My debut novel was born many years ago, in an A level biology class. At the time, we were learning about sexual reproduction – specifically, how ova and sperm are unique in containing a single set of chromosomes, rather than the pair which is found in all other cells in the body.
At the moment of fertilisation, the genetic material of a single sperm cell pairs up with that of the ova creating a full genetic blueprint for a human. It’s a beautiful process: the marrying of half a mother’s DNA, with half of the father’s.
‘In theory then,’ I thought to myself, ‘you might be able to create babies from two women in the future.’
I’d always wanted to be an author, ever since age five when I read my first novel (Enid Blyton’s Faraway Tree) and first understood what it is that an author does. Since then, I’ve been diligently filing away odd moments of inspiration, the strange facts, possibilities and conflicts that contain the germ of a story. In most cases, my enthusiasm will wane, but in a few lucky instances the initial excitement for an idea stays with me.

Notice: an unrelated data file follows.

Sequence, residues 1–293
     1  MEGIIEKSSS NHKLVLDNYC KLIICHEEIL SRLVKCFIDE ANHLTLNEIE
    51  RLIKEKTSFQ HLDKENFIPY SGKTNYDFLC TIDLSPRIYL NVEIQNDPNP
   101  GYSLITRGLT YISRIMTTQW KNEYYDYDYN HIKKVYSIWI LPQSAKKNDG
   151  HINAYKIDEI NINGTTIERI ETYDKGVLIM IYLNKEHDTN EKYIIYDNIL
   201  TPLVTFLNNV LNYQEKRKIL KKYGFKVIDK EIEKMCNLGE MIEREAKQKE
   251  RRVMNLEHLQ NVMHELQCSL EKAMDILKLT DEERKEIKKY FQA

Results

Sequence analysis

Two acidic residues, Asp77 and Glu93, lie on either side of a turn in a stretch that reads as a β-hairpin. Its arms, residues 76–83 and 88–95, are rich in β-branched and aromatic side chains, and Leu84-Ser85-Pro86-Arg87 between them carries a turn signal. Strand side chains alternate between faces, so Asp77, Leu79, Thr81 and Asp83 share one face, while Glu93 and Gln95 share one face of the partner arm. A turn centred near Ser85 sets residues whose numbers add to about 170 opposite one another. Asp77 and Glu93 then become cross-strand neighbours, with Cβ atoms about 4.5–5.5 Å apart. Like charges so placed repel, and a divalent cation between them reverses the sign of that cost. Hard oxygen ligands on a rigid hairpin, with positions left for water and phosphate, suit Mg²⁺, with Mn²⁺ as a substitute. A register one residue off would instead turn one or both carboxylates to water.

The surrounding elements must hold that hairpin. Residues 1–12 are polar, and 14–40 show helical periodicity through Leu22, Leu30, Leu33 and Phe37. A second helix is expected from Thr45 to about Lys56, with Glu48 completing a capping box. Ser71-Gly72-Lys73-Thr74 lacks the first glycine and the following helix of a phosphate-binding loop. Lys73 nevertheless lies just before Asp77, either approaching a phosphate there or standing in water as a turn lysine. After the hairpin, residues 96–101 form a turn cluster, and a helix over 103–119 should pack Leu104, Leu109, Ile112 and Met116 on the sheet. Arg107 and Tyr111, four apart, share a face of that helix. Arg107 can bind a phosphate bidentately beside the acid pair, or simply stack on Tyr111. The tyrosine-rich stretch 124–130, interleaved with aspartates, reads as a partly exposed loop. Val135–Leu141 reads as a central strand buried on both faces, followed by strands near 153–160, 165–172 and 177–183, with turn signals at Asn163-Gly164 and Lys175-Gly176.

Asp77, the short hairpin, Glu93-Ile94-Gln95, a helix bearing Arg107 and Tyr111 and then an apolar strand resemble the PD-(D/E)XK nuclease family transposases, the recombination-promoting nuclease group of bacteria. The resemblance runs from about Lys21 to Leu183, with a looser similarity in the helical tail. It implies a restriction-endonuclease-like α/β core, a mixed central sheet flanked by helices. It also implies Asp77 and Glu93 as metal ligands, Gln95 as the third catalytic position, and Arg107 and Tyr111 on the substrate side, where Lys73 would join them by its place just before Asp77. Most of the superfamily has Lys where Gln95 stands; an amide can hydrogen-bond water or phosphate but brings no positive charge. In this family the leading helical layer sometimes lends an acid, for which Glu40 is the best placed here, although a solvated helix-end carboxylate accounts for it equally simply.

As in this case, I might not revisit it for years, but it’s still there, holding its promise in my mental filing cabinet.
Before XX, I’d written several – not very good – books, submitting them to agents, then feeling crushed by the slew of rejection letters, later emails, that followed. A good 15 years after that biology class, as I slowly came to recognise that my latest literary effort wasn’t of a publishable standard, I started casting around for a new project.
This was at a time where the phenomenon we call trolling was still fairly new and getting a lot of attention, with several high profile women subjected to virulent abuse on social media. I found myself questioning how far we’d really come as a society: was gender equality an illusion?
And so, I found myself asking: what would happen if the science evolved to allow human beings to be created from two egg cells? What if men were suddenly no longer essential for reproduction? Everything I was seeing in the media made plain that there would be a backlash of some kind. But would the opposition be limited to more fringe elements, or might the opposition become more widespread?
This process allowed me to recognise the ingredient missing from previous novelistic efforts: a fascination with the questions I was raising. I had found a premise which intrigued me on so many levels. A ‘what if’ that I was compelled to try and answer.